Combined Knowledge

Originally Published: April 2010 Words: Tim Gibson Pictures: Steve Taylor

Gary Fisher has learned a bit about modifying Jeeps over the last few years. He’s owned no less than six of them – and the Cherokee he owns today is the culmination of all the knowledge he’s gained from each.

For some people, the fun of owning an off-road vehicle is only partly to do with its go-anywhere ability. The rest of the enjoyment comes from spending time in the workshop. For these people, there can be no greater satisfaction than developing a creative solution to a mechanical problem, or installing a modification that will make their vehicle stand out in a crowd.

Gary Fisher is certainly one of these people. Although he’s a big fan of mud, he also gains immense satisfaction from spannering. As a qualified mechanic, he finds it easier than most to work on his own 4x4; even so, his appetite for getting oily is unsurpassed, and the mods he’s performed on his off-roaders bear testimony to his ingenuity.

Take the Suzuki SJ413 he’s owned for the past four years. He paid £500 for a run-of-the-mill standard Samurai – which nowadays sports a winch, a roll cage, mud tyres, Pro-Comp suspension and a host of other mods that make it the perfect tool for pay-and-play adventures.

But impressive as the Sammy undoubtedly is, our attention when we met Gary was focused squarely on his Jeep Cherokee. This vehicle is Gary’s pride and joy, and represents the current stopping-off point in an impressive list of 4x4s that have graced the Fisher driveway over the last decade.

First there was a Daihatsu F50, which Gary discarded after an accident rendered it unusable. The experience actually put him off mud-plugging for a time, and Gary focused his attention on motorbikes instead until a chance stop-off at the Kirton Off Road Centre reminded him how much he loves off-roading. ‘When I visited the Kirton playday,’ Gary says, ‘I knew it was time to get back in the groove. I realised how much I’d been missing the fun of owning an off-roader!’

Shortly afterwards, Gary acquired a fire-damaged Cherokee to use as the launch-pad for his return to the world of mud. Next came a series of vehicles including a Range Rover P38A (‘a great truck, but with typical green oval gremlins’), a Series IIA and five Jeeps. One of these was a Grand Cherokee, which Gary thought better of abusing off-road once he realised how luxurious it was. Another was a 4.0-litre Wrangler, which was brilliant in the brown stuff but struggled to pull a trailer. Three Cherokees complete the picture; all have since been sold on or broken for spares.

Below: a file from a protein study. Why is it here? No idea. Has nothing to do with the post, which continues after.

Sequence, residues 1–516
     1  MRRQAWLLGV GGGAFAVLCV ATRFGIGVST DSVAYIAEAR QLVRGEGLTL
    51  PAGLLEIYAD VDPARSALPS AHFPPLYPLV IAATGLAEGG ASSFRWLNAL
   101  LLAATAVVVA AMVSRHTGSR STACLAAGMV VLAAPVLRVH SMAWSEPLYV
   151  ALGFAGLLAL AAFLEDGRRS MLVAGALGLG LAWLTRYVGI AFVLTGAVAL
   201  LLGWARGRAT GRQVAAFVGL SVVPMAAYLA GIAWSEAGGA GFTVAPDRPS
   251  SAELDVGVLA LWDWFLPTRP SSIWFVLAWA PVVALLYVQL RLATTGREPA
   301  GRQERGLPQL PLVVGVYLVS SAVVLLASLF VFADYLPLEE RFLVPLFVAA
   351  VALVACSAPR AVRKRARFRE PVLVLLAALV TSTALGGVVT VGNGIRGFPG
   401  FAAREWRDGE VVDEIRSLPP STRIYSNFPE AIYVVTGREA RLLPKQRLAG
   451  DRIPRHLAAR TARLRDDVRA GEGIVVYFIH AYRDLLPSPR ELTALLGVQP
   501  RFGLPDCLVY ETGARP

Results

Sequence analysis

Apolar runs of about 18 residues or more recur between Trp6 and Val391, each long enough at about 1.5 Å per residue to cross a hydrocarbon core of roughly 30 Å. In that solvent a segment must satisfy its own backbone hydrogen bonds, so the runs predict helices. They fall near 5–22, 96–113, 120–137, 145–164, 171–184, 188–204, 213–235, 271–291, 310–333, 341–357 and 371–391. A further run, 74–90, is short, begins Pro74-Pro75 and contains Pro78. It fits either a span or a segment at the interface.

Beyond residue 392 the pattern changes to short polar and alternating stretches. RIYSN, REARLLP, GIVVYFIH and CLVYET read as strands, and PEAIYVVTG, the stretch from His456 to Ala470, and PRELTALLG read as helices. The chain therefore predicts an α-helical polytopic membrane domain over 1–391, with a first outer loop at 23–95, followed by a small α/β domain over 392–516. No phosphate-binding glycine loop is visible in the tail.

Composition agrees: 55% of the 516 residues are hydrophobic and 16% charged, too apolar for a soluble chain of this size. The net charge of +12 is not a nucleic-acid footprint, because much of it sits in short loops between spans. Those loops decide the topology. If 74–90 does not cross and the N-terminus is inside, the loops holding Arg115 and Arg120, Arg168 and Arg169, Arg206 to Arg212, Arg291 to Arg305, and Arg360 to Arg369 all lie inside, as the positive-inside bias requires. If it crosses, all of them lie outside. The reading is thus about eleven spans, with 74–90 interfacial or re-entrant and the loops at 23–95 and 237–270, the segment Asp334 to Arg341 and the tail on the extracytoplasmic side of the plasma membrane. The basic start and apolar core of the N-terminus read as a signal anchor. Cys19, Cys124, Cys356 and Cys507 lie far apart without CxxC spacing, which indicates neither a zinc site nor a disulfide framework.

Gary’s current Cherokee represents the culmination of all his previous Jeep-related experiments. J66P, as it’s known, is a 1998 model with the familiar 4.0-litre petrol engine and automatic gearbox. It’s a nice looking car finished in an unusual metallic red, and Gary has done well to preserve its bodywork despite a series of off-road adventures.

Before Gary bought the vehicle, it was used as a tow barge by a boating enthusiast in South East England. It wasn’t in the best condition, but Gary had his heart set on another Cherokee and he knew he’d be able to rectify the car’s shabby appearance. ‘I like Cherokees because of their combination of comfort and reliability,’ he explains, ‘and the power of the large capacity engine makes the vehicle ideal for towing. It may not be the newest 4x4 on the road nowadays, but the Cherokee offers an awesome amount of car for the money.’

It certainly does, especially if you can do all the maintenance yourself. Although he now works in a supervisory role, Gary was a municipal vehicle engineer for 15 years, so he knows his way around an internal combustion engine and there’s no job he’s unwilling to tackle on the Jeep.

That said, he’s not unwilling to use off-the-shelf components when he thinks they genuinely serve to enhance a truck’s off-road prowess. And he’ll modify such components if necessary, in order to squeeze the best performance out of them.

Take the 4.5-inch suspension lift as a case in point. Gary originally installed a three-inch lift that utilised parts from a variety of sources. When the rear of the Jeep began to sag, he decided the time had come to do things properly. In consequence, he sourced not one but two sets of Pro-Comp lift springs and set about using them as the basis for a custom-made suspension hike on the rear axle.

Gary experimented with the precise configuration of the leaf packs, eventually settling on an arrangement that suits his tastes. There’s enough flexibility to deliver a satisfactory degree of ground-hugging ability, with enough stiffness retained to keep things tight on the asphalt.

It’s Pro-Comp again up front, with JKS quick disconnects on the anti-roll bars liberating a surprising amount of articulation while allowing the on-road ride to stay tight when they’re snapped back in place.

The result of all these mods is a ride quality that belies the Cherokee’s high-and-mighty stance. The Rough Country shock absorbers help in this regard, adding an extra five inches of travel over stock, while the adjustable front lower control arms, also from Rough Country, provide an effective means of maintaining correct steering geometry in light of the lift.